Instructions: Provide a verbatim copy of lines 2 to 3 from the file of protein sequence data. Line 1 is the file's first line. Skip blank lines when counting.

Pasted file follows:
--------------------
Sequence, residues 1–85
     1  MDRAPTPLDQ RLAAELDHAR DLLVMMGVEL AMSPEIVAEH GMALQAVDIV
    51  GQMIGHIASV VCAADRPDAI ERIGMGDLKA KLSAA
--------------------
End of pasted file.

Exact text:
     1  MDRAPTPLDQ RLAAELDHAR DLLVMMGVEL AMSPEIVAEH GMALQAVDIV
    51  GQMIGHIASV VCAADRPDAI ERIGMGDLKA KLSAA